Tag Archives: editing

Profession or Hobby?

You’re writing a book. Are you approaching this as a profession or is it a hobby?

Given how difficult it is to be successful, it might be healthier to approach writing and self-publishing as a hobby, something you do for fun.  However, are you approaching it seriously enough you don’t harm others?

Self-publishing is gaining respect because of writers who are approaching writing and publishing professionally. They make sure their books are edited. They pay attention to genre and industry standards for formatting. The hobbyist who publishes a rough draft rife with errors and formatted poorly hurts every serious self-publisher, not only by putting a dent in the self-publishing image, but by making it that much harder for a reader to find the good books.

You can approach writing and self-publishing as a hobby and still produce a well-written, professionally-produced book. It doesn’t have to cost a lot of money.

A good critique group can help you polish the writing. Your library, book clubs, and English teachers at a local college may be able to suggest good editors and proof-readers. When it comes to formatting, you can buy templates or do it yourself using your word processor—if you know how to use styles, show all formatting marks, paragraphing, and other tools. If you don’t, head back to the library and local college and ask for a word processing guru. In any case, make sure you have copies of traditionally published books in the same genre to use as examples of how it should look. Pay attention to details.

This takes more time and effort than throwing up a rough draft, but friends who buy it may actually read it, and you won’t be hurting other writers.

2012SheriWaimuPicchuForProfessionalwww.sherimcguinn.com
www.amazon.com/author/sherimcguinn

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Read Your Work – Out Loud

I work with several critique groups. Some of them have us email pages ahead of the meeting and we come prepared to dive right into discussion. Others, we each bring a (usually smaller) number of pages to be read on the spot—often out loud. While it’s possible to get more work critiqued with the mail-ahead groups, I really like reading a story out loud. As I read, I often make my own corrections as I hear a word repeated unnecessarily or realize I missed writing a word. I also read pieces aloud before I submit them. It’s amazing how many times I’ll catch one last typo in a work that’s been polished.

It makes sense, though. Teachers are encouraged to use multi-modality instruction because we learn through all of our senses. While we write, we’re using primarily vision, along with the tactile and kinesthetic senses used with the keyboard or pen. If we only use our vision to edit the work, we’re more likely to miss errors. By reading aloud, we add our auditory sense and move the kinesthetic experience from hand to mouth. Because we’re changing the senses used, errors stand out more vividly. Especially if a sentence is worded awkwardly, or meaning is not clear, or the wrong word has been used, it will be heard more readily than seen.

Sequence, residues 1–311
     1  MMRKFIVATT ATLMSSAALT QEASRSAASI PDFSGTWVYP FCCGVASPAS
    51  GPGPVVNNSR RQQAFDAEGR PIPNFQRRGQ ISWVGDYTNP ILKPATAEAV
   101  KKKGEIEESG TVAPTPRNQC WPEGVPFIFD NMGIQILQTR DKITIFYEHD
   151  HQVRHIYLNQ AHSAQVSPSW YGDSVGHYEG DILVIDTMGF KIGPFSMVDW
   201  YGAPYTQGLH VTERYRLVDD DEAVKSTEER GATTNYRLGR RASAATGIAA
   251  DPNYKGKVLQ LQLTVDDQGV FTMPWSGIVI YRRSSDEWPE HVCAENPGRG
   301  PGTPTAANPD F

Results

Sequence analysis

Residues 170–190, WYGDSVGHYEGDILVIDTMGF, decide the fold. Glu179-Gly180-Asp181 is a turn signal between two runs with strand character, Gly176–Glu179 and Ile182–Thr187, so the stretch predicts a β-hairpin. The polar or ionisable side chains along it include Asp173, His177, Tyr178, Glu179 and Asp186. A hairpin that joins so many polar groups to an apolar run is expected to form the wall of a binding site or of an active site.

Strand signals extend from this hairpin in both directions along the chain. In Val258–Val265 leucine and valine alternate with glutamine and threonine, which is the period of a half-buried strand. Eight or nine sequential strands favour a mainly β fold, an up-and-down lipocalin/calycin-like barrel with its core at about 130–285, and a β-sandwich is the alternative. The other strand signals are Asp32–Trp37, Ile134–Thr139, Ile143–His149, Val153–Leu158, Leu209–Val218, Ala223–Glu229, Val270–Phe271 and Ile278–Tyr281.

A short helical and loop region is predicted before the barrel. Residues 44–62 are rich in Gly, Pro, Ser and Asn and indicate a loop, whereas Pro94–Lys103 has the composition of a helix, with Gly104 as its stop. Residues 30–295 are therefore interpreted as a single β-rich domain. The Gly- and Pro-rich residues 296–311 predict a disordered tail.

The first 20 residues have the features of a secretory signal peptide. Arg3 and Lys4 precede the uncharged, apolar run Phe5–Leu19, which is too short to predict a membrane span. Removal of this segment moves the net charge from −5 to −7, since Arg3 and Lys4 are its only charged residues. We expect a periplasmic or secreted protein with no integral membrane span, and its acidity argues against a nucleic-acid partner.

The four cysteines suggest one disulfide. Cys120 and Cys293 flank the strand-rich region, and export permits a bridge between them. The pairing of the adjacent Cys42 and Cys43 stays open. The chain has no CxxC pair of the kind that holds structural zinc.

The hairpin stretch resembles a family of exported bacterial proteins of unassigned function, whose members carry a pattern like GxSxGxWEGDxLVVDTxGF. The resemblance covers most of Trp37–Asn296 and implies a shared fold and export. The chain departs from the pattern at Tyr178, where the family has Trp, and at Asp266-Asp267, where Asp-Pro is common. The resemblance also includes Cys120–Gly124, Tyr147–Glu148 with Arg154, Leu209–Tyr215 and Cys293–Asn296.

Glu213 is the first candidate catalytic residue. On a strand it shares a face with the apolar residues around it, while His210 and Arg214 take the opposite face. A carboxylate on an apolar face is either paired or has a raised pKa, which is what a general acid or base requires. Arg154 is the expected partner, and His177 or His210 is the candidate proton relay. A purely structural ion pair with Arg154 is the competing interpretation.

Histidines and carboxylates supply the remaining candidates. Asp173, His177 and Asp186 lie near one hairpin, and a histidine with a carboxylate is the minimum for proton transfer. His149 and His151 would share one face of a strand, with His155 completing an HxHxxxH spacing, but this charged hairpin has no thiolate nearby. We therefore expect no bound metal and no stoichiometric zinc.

Especially if you are a new writer, read your work out loud before you submit it to a critique group, contest, or publisher.

2012SheriWaimuPicchuForProfessional

www.sherimcguinn.com
www.amazon.com/author/sherimcguinn

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Levels of Edit

The world goes on while we write: The term “buckets of rain” became real to me in 1972, when Tropical Storm Agnes stalled over Pennsylvania for days. So I checked – total rainfall that caused massive flooding back then was less than Houston got in the first twenty-four hours. Cousins – glad you’re safe.

On to levels of edit. I’m going to repeat one piece up here:

Don’t submit rough drafts for critique or editing!

If you’re working with a critique group, it’s rude. If you’re paying for an editor, it’s a waste of money. Always read, revise, and correct to the best of your ability first.

At least use your word processor’s spelling and grammar checks. These are flawed – you need to look at each suggestion before accepting corrections – but there’s no excuse for asking people to read something that looks like you threw letters and words into a blender, then poured them onto the page. Grammarly has a free app that gives feedback on grammar and Natural Readers has a free download that will read your documents aloud. It’s mechanical and makes pronunciation errors, but if you have a problem with commas, you’ll hear if you’re missing pauses or have too many.

Sheri McGuinn
I write.
http://www.sherimcguinn.com
http://www.amazon.com/author/sherimcguinn

20170831LevelsofEdit

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Writers Revise

Last week I wrote about not getting ripped off when you self-publish.
My favorite resource for this is the free annotated list of companies you get when you sign up for Carla King’s mailing list for Tools & Services at authorfriendly.com.
This is a marketing strategy for her 4th edition of Self-Publishing Boot Camp and for her services, but she has NOT buried me in promotional emails and she DOES send updates. This is an excellent tool for any self-publisher, but if you’re new the knowledge is essential.

20170824WritersRevise

Sheri McGuinn
I write.
www.sherimcguinn.com
www.amazon.com/author/sherimcguinn

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